Stathis Papaioannou wrote:
> Peter Jones writes:
> > > > > But the important point is that the temporal sequence does not itself
> > > > > make a difference
> > > > > to subjective experience.
> > > >
> > > > We don't actually know that it is possible that
> > > > there might be some flicker effect.
> > >
> > > Not necessarily. I'm suggesting that the actual physical events are
> > > *exactly* the same,
> > > just their order is different. If the world were created 5 minutes ago,
> > > complete with
> > > fossils, ruins, false memories etc., you could not be aware of this on
> > > the basis of any
> > > observation - by definition, otherwise the illusion would not be perfect.
> > > This is of course
> > > no reason to believe that the world was created 5 minutes ago; but it
> > > does mean that
> > > the absence of a sensation of having just flickered into existence is no
> > > evidence *against*
> > > this theory.
> > My original point stands. There is no evidence *for* the theory. If
> > the present
> > state is determined by more than a 0-width time slice preceding it,
> > then
> > a physical process cannot be arbitrarily sliced up.
> Your original point was that the continuous flow of consciousness is evidence
> against a block
> universe. It is not, whether the time slices are of finite or infinitesimal
It is, because however you slice a dynamic sequence, you don't
remove the dynamism. You just get lots of little dynamic slices.
>I'm not sure
> what you mean by the last sentence either: are you suggesting that time is
> quantised rather
> than continuous, and if so how is that evidence against a block universe?
No, I am suggesting that 0-width slices don't contain
enough information to predict future states in physics.
> > Computationalism does not help, because computationalism requries
> > counterfactuals.
> I don't see why it does, or why it makes any difference to the present
> question if it does.
Computer programmes contain conditional (if-then) statements. A given
the programme will in genreal not explore every branch. yet the
branches are part of the programme. A branch of an if-then statement
not executed on a particular run of a programme will constitute a
a situation that could have happened but didn't. Without
cannot tell which programme (algorithm) a process is implementing
two algorithms could be have the same execution path but different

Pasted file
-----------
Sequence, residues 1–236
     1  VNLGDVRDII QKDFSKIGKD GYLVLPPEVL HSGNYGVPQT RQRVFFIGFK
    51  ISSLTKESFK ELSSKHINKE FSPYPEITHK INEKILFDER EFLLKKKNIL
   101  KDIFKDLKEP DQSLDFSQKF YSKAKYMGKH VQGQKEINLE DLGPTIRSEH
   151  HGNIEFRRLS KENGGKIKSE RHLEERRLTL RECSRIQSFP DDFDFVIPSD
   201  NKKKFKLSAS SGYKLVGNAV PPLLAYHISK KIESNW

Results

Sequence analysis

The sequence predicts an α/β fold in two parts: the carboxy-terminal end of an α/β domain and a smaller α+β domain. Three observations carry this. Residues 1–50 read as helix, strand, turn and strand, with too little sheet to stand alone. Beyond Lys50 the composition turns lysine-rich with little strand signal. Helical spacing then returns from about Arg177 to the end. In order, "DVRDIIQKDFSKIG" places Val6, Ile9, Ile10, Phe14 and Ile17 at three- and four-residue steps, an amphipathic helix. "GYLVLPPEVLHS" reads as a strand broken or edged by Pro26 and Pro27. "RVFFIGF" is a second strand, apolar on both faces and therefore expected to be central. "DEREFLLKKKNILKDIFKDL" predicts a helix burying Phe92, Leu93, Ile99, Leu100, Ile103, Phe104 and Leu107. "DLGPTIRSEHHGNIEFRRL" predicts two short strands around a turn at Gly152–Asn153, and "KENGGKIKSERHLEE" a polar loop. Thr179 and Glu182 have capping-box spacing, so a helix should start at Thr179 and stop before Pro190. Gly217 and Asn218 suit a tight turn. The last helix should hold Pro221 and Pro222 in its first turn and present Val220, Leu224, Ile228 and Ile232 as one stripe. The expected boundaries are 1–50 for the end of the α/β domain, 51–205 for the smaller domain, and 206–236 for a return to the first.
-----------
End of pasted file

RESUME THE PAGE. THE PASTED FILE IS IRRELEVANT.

> > > > > Would you say that it is in theory possible for the subjective
> > > > > passage of time to be as we know it if the blocks were not
> > > > > infinitesimal, but lasted for
> > > > > a second, so that the whole ensemble of blocks lasted for a second?
> > > >
> > > > There is still duration within blocks
> > >
> > > Yes, and...
> > >
> > > > > Then what if you
> > > > > make the blocks shorter in duration and larger in number,
> > > > > progressively down to
> > > > > infinitely many blocks of infinitesimal duration: is there room for
> > > > > dynamism in an
> > > > > infenitesimal interval?
> > > >
> > > > There are such things as infintiessimal velocities...
> > >
> > > So if there is room for movement in infinitesimal intervals (or through
> > > combination of
> > > infinitesimal intervals) in a linear theory of time, why not with a block
> > > universe?
> > A block universe with movement is just as dynamic universe
> > (specifically,
> > a growing universe).
> The effect of movement would be the same in a block universe as in a linear
> universe. If time
> is discrete then in a linear universe movement is the result of a series of
> static frames of finite
> duration, like the frames in a film.
Finitism doesn't imply stasis. New frames could be popping into
> If time is continuous then in a linear universe movement is the
> result of a series of static frames of infinitesimal duration.
> There is no room for movement within
> a frame in either case -
There is room within an infinitessimal frame. dx/dt is not necessarily
> that is what defines it as a frame - but the series of frames creates the
> effect of movement.
> Stathis Papaioannou
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